Whoo-hoo, and eclectictales.com is back after a month (and a bit) long hiatus! Blog post scheduling wise, I’m playing catch-up now as a whole slew of reviews from books read last year will be slowly trickling in until mid-April =3
- Books reviewed this month include: Arkady Ostrovsky’s The Invention of Russia: The Journey from Gorbachev’s Freedom to Putin’s War (review), Ian McEwan’s The Children Act (review), and Robert Shearman’s Tiny Deaths (review). You can check out all the books I’ve reviewed recently in the book review tag.
- Two ARCs was reviewed this month: Aravind Adiga’s Selection Day (review) and Nick Cutter’s Little Heaven (review). You can check out all of the ARCs I’ve read and reviewed to date in this tag.
- For this month’s So You Want to Read…, I focused on the manga quartet CLAMP, a post that was supposed to go live last month, but anyway. You can check out that post over here. For all my previous recommendations under this feature, check out this tag.
And that’s about it from me and the blog for the month of January! Stay tuned later this week as the blog is about to hit a milestone entering February 😉
The English Teacher
By: Yiftach Reicher Atir
Format/Source: Paperback; my purchase
After attending her father’s funeral, former Mossad agent Rachel Goldschmitt empties her bank account and disappears. But when she makes a cryptic phone call to her former handler, Ehud, the Mossad sends him to track her down. Finding no leads, he must retrace her career as a spy to figure out why she abandoned Mossad before she can do any damage to Israel. But he soon discovers that after living under cover for so long, an agent’s assumed identity and her real one can blur, catching loyalty, love, and truth between them. In the midst of a high-risk, high-stakes investigation, Ehud begins to question whether he ever knew his agent at all.
In The English Teacher, Yiftach R. Atir drew on his own experience in intelligence to weave a psychologically nuanced thriller that explores the pressures of living under an assumed identity for months at a time.
I came across this book randomly–either from a newsletter from Penguin or a related book website or from Twitter–and the premise and the fact that it was translated from Hebrew was what caught my attention. It sounded like a fascinating read so I picked it up.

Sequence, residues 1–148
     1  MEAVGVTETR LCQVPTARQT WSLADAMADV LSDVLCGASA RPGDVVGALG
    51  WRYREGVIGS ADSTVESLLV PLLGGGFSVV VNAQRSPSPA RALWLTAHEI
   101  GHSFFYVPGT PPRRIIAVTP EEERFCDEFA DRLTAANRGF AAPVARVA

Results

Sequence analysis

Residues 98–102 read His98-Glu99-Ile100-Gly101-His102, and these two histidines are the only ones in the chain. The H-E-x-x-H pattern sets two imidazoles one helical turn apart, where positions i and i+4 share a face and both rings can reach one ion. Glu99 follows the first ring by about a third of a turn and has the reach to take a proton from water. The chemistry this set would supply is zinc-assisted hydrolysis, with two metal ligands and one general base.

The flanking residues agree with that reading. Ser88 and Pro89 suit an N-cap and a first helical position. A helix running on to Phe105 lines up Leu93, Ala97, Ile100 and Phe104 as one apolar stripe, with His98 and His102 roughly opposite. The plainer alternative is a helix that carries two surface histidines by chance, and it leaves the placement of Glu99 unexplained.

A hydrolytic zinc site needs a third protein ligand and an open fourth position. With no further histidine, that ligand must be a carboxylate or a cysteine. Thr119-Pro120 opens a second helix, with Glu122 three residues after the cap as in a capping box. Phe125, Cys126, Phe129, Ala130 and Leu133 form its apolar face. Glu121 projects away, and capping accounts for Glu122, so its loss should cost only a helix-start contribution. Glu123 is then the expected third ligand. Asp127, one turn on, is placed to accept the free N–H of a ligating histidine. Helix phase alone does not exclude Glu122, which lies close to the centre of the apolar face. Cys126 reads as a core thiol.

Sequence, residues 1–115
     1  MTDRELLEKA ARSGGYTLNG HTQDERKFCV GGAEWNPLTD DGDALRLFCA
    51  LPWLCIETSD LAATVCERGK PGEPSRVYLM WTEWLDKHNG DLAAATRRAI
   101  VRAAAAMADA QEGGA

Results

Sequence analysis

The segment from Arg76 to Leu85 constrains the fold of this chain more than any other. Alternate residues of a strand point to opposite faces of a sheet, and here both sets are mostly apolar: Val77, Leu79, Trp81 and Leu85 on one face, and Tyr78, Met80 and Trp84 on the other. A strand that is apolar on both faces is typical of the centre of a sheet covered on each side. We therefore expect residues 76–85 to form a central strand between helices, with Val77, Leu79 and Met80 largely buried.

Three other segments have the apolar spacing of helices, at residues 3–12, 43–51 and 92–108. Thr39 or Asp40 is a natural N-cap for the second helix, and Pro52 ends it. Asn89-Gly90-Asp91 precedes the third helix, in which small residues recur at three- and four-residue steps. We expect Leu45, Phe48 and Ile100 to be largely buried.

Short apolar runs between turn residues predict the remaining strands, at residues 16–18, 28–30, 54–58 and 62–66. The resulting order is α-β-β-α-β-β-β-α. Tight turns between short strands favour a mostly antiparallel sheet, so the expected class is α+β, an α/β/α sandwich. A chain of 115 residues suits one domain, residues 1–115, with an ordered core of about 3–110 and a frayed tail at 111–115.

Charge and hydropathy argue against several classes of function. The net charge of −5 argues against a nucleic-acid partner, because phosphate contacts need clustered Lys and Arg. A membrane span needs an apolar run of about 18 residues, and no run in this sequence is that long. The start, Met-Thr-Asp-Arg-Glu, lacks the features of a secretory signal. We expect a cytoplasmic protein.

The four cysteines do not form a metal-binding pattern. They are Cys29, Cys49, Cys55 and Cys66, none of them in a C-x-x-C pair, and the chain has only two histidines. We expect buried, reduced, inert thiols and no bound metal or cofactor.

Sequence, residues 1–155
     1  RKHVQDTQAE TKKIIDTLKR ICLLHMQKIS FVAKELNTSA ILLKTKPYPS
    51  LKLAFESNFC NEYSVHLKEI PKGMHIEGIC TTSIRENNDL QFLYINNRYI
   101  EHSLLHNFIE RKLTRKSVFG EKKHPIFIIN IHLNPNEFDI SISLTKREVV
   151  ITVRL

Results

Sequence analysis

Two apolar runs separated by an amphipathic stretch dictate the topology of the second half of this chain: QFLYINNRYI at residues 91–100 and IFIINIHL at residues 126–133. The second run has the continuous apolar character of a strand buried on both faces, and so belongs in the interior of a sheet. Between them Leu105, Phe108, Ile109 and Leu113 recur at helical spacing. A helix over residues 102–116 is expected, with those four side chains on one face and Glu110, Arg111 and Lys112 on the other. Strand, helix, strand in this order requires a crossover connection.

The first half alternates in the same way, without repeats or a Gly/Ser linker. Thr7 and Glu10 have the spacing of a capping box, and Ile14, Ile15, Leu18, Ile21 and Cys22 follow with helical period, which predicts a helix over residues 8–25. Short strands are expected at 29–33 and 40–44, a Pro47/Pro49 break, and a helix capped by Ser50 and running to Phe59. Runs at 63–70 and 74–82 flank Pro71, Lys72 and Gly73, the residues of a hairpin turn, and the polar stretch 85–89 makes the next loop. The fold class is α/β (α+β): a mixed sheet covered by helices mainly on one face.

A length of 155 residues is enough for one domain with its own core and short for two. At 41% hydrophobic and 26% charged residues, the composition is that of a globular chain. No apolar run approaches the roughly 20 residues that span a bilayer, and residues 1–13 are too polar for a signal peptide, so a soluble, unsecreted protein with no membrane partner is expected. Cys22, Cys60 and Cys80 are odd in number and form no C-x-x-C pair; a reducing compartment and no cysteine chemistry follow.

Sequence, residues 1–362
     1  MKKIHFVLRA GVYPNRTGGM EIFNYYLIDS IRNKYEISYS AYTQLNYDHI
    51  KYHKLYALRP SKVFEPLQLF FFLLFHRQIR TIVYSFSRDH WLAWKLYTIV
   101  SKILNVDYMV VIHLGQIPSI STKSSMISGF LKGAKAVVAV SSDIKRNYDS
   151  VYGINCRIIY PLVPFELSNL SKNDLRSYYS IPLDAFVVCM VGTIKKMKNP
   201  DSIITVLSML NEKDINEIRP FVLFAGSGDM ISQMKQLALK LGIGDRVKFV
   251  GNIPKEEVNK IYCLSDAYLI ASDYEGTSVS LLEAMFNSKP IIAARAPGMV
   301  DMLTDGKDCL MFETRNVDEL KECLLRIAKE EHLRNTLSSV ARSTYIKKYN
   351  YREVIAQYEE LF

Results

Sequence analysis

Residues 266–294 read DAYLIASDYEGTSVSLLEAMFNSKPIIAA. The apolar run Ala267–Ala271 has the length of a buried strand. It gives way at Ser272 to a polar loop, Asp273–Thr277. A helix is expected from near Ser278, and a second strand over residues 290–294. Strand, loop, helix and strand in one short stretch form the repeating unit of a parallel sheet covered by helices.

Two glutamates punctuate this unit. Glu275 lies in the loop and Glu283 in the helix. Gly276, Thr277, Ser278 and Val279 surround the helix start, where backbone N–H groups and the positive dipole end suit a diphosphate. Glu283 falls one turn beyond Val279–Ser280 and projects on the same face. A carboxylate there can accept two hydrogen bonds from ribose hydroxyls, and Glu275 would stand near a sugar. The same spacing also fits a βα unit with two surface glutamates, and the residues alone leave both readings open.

(This isn’t the book cover of my edition/the North American edition but I couldn’t find a hi-res version of the book cover I have)
By: Robert Shearman
Format/Source: Mass market paperback; my purchase
Analyzing the complexity, absurdity, and blessedness of seemingly ordinary people, this debut collection examines the metaphysical assumptions surrounding death. From the end of a relationship to the meaning behind its title, this anthology continually surprises and subverts, utilizing topics such as alien intelligence, reincarnation, imaginary children, and even conversations with Hitler’s childhood pet. Engaging and diverse, this compendium offers a fascinating perspective on mortality.
So fun fact: this was actually the first Robert Shearman book I came across and that I added to my wishlist. It was a wee bit difficult then to get my hands on a copy of it but lo and behold, I finally did indeed get a copy of it so hurrah! 😀 Tiny side note, but how awesome is that book cover? One of my favourites that, coupled with the title of this book, definitely drew my attention in the first place 😛
The Hammer of Thor (Magnus Chase and the Gods of Asgard #2)
By: Rick Riordan
Format/Source: Hardback; my purchase
Thor’s hammer is missing again. The thunder god has a disturbing habit of misplacing his weapon–the mightiest force in the Nine Worlds. But this time the hammer isn’t just lost, it has fallen into enemy hands. If Magnus Chase and his friends can’t retrieve the hammer quickly, the mortal worlds will be defenseless against an onslaught of giants. Ragnarok will begin. The Nine Worlds will burn. Unfortunately, the only person who can broker a deal for the hammer’s return is the gods’ worst enemy, Loki–and the price he wants is very high.
And here we are, the second book in the Magnus Chase trilogy. I bought books 1 and 2 roughly around the same time, figured best not wait between books 🙂 Plus, there’s something about the colour of this book that was appealing…as well as the title of the book 😛
The January/February edition of Femnista is now live! The topic of this issue was supposed to have been last year but was rescheduled for the new year so here we are. The topic was “Second Fiddle” which looked at the men and women who did not get the hero/heroine of the story at the end of the day. It’s an interesting topic, and naturally (for me, at least) my thoughts immediately went to Henry Crawford from Jane Austen’s Mansfield Park. I’ve written about it multiple times (here, here, and I think here) but approaching Henry from a viable significant other perspective rather than as an antagonist/mere contrast to Edmund Bertram and you’d see that he was second fiddle, the one who tried to win Fanny’s heart but ultimately fell short.
You can of course read my blog posts on Mansfield Park as my thoughts were a little more expanded there (I think) but the article I wrote for Femnista is a more condensed version:
Almost, But Not Quite: Henry Crawford from Jane Austen’s Mansfield Park
And of course, just a bit of shameless pluggage, but you can read all of my previous articles contributed to Femnista via this tag 😉 Happy reading! 🙂